“Who Dares to Say That Love Is Like the War?”: A Gay, Catholic Poet in the 20th Century

I don’t want to be tokenistic but I’m betting the best way to get you to read this terrific article is to show you these paragraphs:

In the meantime both men underwent a private transformation. Thompson had abandoned Catholicism at Harvard, though he had never entirely renounced the faith. In 1952 he told his lover (who had been raised an Anglican) that he wanted to practice the Catholic faith again. Trower was initially taken by surprise, but six months later he followed Thompson into the Church. The two men also made the bold move to ask for ecclesiastical permission to live together as a celibate couple, which, mirabile dictu, was granted. (Their spiritual advisor wisely felt that they would live their faith more successfully together than apart.) Although their platonic lifestyle has been criticized by some gay commentators (and their ecclesiastical license has astonished some Catholic ones), the couple’s decision evidently worked. The two men spent the rest of their life together as a loving, content­ed, and very Catholic couple—a happiness attested to over the years by many visitors, both gay and straight. Thompson continued to write poetry but with little public success. A few poems appeared in The New Yorker, Paris Review, and Horizon, but his next three manuscripts remained unpublished in his lifetime. Mean­while Trower prospered in his new career, eventually becoming a major Catholic journalist. Thompson died in 1975 after a long and painful decline from liver cancer. He was 57 years old. Trower continued as a journalist for the next forty years. Now 91, he lives in Cheltenham. …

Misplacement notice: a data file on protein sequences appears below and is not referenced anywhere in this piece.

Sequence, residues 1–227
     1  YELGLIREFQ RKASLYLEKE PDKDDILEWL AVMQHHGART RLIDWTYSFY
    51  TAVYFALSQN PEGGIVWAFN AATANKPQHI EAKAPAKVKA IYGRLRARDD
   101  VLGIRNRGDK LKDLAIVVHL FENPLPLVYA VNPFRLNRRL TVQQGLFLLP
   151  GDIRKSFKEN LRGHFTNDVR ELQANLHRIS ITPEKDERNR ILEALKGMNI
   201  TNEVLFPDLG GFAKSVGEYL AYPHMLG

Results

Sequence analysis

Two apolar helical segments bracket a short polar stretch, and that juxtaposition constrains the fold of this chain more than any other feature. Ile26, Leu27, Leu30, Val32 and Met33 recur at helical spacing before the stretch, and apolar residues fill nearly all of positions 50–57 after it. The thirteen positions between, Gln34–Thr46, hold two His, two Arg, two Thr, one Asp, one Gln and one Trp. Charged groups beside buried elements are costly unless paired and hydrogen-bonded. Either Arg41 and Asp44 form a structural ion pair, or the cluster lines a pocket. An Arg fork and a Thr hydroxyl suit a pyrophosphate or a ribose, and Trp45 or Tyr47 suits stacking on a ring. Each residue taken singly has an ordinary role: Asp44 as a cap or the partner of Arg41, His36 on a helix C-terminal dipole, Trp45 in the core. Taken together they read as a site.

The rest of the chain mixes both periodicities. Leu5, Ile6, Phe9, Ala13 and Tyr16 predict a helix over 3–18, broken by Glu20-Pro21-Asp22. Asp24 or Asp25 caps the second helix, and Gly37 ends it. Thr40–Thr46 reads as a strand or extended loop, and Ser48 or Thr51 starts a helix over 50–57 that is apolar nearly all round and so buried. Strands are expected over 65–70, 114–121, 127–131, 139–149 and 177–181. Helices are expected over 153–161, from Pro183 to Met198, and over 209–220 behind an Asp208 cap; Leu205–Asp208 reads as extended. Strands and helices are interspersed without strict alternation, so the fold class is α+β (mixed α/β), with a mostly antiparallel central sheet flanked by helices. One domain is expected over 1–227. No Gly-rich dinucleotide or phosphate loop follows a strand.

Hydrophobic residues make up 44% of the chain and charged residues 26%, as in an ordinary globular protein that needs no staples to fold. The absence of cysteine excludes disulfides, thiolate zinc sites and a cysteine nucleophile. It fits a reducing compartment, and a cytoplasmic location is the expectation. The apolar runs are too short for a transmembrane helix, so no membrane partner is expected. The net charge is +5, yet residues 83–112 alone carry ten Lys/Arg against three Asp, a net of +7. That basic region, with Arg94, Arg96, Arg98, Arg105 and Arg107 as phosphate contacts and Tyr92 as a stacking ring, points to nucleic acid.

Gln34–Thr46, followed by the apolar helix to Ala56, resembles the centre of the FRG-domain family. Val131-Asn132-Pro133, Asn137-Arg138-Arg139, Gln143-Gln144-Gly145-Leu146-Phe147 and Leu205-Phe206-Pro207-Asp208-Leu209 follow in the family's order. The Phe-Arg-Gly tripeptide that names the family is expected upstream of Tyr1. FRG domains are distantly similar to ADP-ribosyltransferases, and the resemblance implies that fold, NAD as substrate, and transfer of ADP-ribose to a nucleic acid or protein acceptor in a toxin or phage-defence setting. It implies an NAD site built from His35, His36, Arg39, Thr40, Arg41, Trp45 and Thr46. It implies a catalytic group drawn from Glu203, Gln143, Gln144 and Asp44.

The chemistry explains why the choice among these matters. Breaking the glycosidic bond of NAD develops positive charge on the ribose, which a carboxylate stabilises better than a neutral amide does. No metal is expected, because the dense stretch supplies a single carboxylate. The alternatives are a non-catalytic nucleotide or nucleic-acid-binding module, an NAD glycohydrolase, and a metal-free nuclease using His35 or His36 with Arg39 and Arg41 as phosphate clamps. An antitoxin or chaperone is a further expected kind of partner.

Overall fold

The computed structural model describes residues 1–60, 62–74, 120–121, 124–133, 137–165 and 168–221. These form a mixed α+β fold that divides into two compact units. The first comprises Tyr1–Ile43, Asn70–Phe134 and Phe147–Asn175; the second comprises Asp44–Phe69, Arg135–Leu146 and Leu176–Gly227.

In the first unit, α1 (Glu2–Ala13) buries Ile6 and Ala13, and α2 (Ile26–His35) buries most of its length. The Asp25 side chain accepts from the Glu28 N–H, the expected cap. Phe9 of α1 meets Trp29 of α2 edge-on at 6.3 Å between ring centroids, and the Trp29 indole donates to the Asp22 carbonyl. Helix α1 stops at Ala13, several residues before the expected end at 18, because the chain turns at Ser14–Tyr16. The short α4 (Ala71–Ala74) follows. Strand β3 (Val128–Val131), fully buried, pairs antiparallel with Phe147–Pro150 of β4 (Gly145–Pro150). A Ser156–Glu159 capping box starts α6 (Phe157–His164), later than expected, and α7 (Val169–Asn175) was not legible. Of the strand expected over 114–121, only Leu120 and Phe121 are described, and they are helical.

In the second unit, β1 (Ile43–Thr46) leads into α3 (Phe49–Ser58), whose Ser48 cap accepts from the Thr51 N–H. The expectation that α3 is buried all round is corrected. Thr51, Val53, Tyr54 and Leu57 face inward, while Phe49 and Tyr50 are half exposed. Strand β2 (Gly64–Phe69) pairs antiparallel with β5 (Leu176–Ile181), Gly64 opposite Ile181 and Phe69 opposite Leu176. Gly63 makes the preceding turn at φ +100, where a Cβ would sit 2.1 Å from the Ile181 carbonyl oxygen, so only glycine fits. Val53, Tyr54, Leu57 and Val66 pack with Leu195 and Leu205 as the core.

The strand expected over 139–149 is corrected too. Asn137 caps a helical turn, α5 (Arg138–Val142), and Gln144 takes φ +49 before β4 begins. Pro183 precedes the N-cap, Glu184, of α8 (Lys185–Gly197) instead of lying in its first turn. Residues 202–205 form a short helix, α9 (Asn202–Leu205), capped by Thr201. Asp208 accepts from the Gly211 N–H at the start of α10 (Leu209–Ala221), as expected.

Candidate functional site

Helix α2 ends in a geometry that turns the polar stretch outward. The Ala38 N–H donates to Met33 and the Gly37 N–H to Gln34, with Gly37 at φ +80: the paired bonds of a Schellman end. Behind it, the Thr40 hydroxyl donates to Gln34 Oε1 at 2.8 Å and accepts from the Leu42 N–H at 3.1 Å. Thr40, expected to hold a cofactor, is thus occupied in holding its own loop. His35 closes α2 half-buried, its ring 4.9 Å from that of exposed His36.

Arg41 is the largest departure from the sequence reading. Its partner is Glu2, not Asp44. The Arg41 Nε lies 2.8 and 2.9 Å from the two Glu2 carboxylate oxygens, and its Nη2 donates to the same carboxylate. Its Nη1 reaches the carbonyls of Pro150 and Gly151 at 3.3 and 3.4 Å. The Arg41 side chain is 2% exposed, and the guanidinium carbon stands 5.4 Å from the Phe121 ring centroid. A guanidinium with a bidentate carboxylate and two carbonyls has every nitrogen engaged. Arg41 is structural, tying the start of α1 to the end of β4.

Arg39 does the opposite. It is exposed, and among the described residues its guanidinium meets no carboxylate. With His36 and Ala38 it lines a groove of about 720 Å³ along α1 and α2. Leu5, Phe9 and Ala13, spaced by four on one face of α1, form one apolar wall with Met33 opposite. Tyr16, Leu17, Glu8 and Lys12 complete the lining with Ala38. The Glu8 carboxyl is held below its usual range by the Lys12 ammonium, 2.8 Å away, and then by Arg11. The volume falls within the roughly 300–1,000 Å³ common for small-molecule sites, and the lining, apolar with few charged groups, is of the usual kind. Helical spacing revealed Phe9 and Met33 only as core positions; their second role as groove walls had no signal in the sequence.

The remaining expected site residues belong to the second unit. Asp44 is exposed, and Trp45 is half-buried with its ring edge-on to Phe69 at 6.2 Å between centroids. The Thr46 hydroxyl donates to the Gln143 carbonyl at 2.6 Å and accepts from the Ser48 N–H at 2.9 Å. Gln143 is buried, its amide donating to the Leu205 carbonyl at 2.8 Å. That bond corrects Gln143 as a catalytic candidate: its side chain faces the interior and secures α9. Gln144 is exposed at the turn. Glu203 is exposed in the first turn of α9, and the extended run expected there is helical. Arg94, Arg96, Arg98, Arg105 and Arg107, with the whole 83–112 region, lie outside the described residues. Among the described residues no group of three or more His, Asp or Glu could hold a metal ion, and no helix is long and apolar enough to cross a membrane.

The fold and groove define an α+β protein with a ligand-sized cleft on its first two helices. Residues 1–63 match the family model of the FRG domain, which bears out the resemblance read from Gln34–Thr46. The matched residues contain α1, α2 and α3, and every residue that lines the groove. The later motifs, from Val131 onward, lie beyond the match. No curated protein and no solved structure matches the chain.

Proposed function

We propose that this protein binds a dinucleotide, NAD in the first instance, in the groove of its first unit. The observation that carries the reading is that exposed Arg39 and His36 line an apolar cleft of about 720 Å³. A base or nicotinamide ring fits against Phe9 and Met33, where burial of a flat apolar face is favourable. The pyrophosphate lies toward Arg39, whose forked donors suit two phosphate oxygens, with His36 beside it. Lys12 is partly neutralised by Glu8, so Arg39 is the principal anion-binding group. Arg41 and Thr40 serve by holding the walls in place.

It is a great mistake to divide Thompson’s career into Catholic and non-Catholic periods. Roman Catholicism haunts all of his writing, even the novel and travelogue. The early poetry is as deeply and explicitly theological as the later work. What differs mostly is the speaker’s perceived relationship toward grace and redemption. Edward Field’s formula is exactly backward: only in Thompson’s early work does the persona of the guilt-ridden sinner appear. This torturously divided soul, vacillating between carnal desire and spiritual despair, serves as the protagonist of the early work. If the young Thompson was indeed a “brilliant bad boy,” he was also the very poster child of Catholic guilt. For him, sexual inebriation inevitably led to a theological hangover. By contrast, the calm and grateful persona of the later work is unconcerned with guilt or repentance.

more! his actual poetry also fascinating!


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